Trend

10 Fantastic Historic Sites in Mexico Historical Landmarks

The floating gardens, or chinampas as we call them, were so great that they produced enough food to feed the city’s two-hundred and fifty thousand inhabitants! As well as this, Xochimilco also has a really incredible church and market area that are worth checking out, they’re very traditional and you can see a lot of cultural remains from the colonial-era here. This isn’t one of the things to do in Mexico City at night though, packing list puerto rico it’s best to stick to the daytime just to be safe. The Plaza de las Tres Culturas for me is the most emblematic place in the whole city, there’s nowhere that sums up the beauty of Mexican culture as well as its troubled past better than here. It really is one of the must visit historical sites in Mexico City, especially if you want to learn about one of my country’s darkest moments in time; the Tlatelolco massacre in 1968.

Tenochtitlan was an Aztec capital city, built on an island in Lake Texcoco in around 1325 AD. It was also known as Montezuma, after the mighty Aztec ruler Motecuhzoma II. It has five temples, including the Templo Mayor, all of which are protected under the UNESCO’s World Heritage list. Tulum is a comparatively new site, dating back to the period between the 13th and 16th century.

It was here in 1846 that Commodore Sloat officially took possession of Alta California for the United States as part of the spoils of the Mexican War. The oldest part of this adobe may have been built by the Vallejo family in the 1820s. J.B.R. Cooper, Yankee ship captain, married Encarnacion Vallejo, acquired the property, and played a significant role in pre-statehood political and business affairs. Part of Rancho San Andres, which was granted to Jose Joaquin Castro by Governor Arguello in 1833. Part of this park was formerly Charles Weber’s Canada de San Felipe Ranch.

So many things about Teotihuacan such as its origin, people, culture, and collapse are still secrets waiting to be revealed. Within its twelve halls, Mexico’s National History Museum charts the country’s diverse history, from the Pre-Hispanic era through to Spanish colonialism, Mexico’s revolution and its independence. The site is made up of several surviving buildings including a circular observatory known as El Caracol, the Warriors’ Temple and El Castillo. Located just off the Yucatan Peninsula, Cozumel is a popular destinations for scuba diving and snorkeling. The underwater world around Cozumel was discovered by Jacques Cousteau in 1959 who called it one of the best diving areas in the world. Since that time Cozumel has become a National Marine Park to protect the delicate balance of it’s beautiful coral reefs and amazing variety of tropical fish.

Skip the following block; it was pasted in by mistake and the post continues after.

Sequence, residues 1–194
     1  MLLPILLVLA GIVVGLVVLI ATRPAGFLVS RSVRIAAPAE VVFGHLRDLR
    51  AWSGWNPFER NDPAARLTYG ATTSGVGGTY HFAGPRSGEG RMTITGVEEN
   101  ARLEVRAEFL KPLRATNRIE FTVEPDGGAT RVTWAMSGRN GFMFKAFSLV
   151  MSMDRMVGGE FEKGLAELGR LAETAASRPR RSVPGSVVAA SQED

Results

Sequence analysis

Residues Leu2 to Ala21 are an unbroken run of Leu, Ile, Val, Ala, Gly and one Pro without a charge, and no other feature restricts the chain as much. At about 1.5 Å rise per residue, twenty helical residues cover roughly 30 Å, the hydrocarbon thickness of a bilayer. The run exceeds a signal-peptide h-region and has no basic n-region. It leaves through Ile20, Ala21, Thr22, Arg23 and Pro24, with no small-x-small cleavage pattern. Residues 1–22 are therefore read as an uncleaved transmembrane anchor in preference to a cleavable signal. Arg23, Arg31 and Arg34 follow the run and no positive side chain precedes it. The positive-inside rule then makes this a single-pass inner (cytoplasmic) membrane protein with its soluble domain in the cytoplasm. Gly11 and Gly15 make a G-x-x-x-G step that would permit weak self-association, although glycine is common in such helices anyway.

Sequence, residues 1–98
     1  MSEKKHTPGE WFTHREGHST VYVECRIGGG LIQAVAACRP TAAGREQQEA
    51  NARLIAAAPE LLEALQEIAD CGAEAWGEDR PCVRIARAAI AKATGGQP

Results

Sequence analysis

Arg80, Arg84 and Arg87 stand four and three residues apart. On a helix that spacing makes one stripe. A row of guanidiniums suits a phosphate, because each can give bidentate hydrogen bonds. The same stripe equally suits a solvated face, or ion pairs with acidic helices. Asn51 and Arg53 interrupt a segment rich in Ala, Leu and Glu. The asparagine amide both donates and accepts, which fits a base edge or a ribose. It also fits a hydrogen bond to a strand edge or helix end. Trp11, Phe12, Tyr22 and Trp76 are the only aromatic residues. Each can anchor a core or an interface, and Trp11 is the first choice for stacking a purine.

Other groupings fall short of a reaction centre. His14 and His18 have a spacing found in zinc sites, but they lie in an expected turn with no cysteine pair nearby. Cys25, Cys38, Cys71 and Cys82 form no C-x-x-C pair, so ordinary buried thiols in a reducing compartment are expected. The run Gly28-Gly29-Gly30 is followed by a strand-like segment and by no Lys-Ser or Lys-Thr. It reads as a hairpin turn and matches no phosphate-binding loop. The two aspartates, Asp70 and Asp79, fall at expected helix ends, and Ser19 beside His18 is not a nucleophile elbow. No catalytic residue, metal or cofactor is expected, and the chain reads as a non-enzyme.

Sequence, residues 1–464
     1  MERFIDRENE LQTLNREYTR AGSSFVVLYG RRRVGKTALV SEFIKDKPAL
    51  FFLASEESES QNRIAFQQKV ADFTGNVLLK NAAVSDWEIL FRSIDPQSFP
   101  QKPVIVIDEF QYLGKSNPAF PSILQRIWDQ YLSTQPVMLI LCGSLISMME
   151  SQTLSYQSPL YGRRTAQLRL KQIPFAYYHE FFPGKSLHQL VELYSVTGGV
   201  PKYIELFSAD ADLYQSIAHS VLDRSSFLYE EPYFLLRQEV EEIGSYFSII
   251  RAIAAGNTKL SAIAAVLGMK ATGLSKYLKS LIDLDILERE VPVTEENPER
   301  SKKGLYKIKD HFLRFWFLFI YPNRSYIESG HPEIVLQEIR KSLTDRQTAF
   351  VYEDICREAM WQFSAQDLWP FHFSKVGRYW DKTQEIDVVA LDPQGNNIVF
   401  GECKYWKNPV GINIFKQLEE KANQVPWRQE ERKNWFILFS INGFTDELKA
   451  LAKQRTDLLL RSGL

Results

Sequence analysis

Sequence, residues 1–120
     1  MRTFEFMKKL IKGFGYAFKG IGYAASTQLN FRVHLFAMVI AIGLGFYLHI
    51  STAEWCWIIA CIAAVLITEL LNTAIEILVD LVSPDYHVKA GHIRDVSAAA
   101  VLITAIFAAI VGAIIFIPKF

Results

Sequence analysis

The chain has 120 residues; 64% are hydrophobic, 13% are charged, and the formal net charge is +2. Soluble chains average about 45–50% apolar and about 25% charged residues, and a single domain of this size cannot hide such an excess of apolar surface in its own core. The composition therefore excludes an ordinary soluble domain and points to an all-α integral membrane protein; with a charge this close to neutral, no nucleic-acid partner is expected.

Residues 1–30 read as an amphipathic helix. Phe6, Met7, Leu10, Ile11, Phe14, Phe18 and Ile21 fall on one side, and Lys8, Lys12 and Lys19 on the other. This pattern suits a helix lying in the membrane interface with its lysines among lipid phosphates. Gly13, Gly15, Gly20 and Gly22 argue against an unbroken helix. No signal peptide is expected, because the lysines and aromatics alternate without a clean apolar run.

The most popular way to explore the Copper Canyon is on the “Chihuahua al Pacifico” Railway. The track passes over 37 bridges and through 86 tunnels, rising as high as 2,400 meter above sea level featuring spectacular views of the canyons below. There is no shortage of things to do, see and explore in Mexico City, but a top attraction is unquestionably the Catedral Metropolitana. It is the oldest and the largest cathedral in Latin America, and the 16th century structure dominates the city’s central plaza, known as the Zocalo.

There are beautiful cenotes, ancient temples, and magical forests that you can explore to find mysterious ruins. This large pre-Columbian city was built by the Maya civilisation sometime between the 5th and 6th centuries with some evidence suggesting construction was around 550 AD. I recommend visiting Torre Latinoamericana towards the end of a long day of exploring. There’s a nice Mexico City restaurant and bar with excellent views of the expansive skyline and Mexico City. It’s definitely possible to hop on a bus and make your own way to Teotihuacan, but it’s a long haul and you’ll still have to pay for the bus and entrance fees once you get there.

While in this area, you’ll be able to see many beautiful turquoise pools that are filled with fish and other aquatic lifeforms. If you love snorkelling and swimming, this is the perfect place for you. While there are many small Mezcal factories throughout Mexico, one of the largest and most popular is located in Oaxaca. The majority of these relics are contained in two large pyramids connected by a smaller platform, known as the Patio of the Altars. This site contains many different relics from Aztec history during the 14th through 16th centuries.

Comments are closed.